"Of course, gaming expansion has to be done right. It must have tough ethical standards, a campaign contribution ban on casino operators, and no loopholes for mobsters," Quinn told lawmakers.
Earlier this week, Quinn vetoed a 2011 attempted by lawmakers to expand gambling in the state. The proposal would have added five new casinos and more slot machines, and proponents said it would have brought in an estimated $1.6 billion. The bill didn't go to Quinn's desk until the end of session in January. Last year he vetoed another gambling expansion plan that also called for five new casinos, including one in Chicago. He said it needed a ban on political contributions from the gambling industry.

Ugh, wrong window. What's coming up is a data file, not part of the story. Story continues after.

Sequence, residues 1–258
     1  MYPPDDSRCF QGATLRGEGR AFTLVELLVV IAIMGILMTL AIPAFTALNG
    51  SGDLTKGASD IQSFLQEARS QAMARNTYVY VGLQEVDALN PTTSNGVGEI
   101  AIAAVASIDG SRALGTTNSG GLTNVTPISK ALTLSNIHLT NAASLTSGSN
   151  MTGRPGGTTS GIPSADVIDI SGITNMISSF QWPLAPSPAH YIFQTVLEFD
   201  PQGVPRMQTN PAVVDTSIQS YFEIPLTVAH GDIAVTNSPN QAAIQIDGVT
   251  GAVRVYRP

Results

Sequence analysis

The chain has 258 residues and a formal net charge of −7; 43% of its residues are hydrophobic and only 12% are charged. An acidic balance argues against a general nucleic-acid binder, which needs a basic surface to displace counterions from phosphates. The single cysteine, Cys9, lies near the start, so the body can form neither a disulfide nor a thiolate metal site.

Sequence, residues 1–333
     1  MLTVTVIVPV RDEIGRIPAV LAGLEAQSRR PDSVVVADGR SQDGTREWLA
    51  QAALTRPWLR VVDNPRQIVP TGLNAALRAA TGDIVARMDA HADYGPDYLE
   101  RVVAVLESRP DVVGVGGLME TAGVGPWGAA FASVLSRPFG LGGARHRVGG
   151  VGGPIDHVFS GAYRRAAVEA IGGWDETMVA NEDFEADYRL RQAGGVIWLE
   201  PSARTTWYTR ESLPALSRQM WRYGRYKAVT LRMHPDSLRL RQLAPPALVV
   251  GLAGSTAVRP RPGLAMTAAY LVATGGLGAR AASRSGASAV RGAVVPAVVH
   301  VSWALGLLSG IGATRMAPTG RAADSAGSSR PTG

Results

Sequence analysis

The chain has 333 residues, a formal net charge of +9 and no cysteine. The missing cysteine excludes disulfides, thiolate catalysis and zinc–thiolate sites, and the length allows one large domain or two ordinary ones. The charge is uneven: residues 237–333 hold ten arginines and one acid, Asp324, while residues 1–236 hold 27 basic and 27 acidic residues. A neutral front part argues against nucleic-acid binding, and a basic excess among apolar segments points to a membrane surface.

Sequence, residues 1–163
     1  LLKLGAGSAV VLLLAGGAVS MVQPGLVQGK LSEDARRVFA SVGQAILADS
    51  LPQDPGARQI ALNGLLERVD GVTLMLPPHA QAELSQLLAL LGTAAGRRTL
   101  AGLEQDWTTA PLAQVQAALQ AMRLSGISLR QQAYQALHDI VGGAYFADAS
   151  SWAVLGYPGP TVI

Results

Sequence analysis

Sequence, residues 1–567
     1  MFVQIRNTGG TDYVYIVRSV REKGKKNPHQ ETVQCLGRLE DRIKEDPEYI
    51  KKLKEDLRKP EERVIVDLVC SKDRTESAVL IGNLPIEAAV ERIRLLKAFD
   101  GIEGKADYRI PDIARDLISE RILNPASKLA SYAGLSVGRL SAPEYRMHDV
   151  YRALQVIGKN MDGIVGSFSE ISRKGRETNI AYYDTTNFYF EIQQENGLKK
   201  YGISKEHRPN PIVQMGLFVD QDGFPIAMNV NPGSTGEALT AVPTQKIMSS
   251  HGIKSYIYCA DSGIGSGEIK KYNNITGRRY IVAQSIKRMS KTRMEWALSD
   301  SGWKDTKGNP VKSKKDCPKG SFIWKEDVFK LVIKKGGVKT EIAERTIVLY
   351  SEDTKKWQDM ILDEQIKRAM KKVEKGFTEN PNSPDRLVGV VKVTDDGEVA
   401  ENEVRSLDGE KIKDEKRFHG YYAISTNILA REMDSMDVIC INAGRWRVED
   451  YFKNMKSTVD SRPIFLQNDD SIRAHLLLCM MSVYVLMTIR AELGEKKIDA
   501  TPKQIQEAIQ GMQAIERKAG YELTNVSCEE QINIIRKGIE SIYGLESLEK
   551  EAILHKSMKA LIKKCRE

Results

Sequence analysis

The measure that the Senate Executive Committee voted on following Quinn's speech closes the door on political contributions from gambling licensees. The measure prohibits them from giving money to various officeholders and candidates, including the governor and members of the General Assembly.
The proposal also would authorize casino licensees to operate Internet gambling. Online gambling would allow people in Illinois to play table games such as poker and black jack over the Internet, but sports betting wouldn't be authorized. Online profits would be split, with $10 million going toward treatment programs for problem gamblers, $5 million to the State Fairgrounds and the remainder to the state's public pension systems.
Illinois' pension problem is the worst in the nation, with nearly $100 billion in unfunded liability.
Opponents of the measure Wednesday argued online gambling would encourage betting by underage people. Others opposing the bill said it would saturate the market.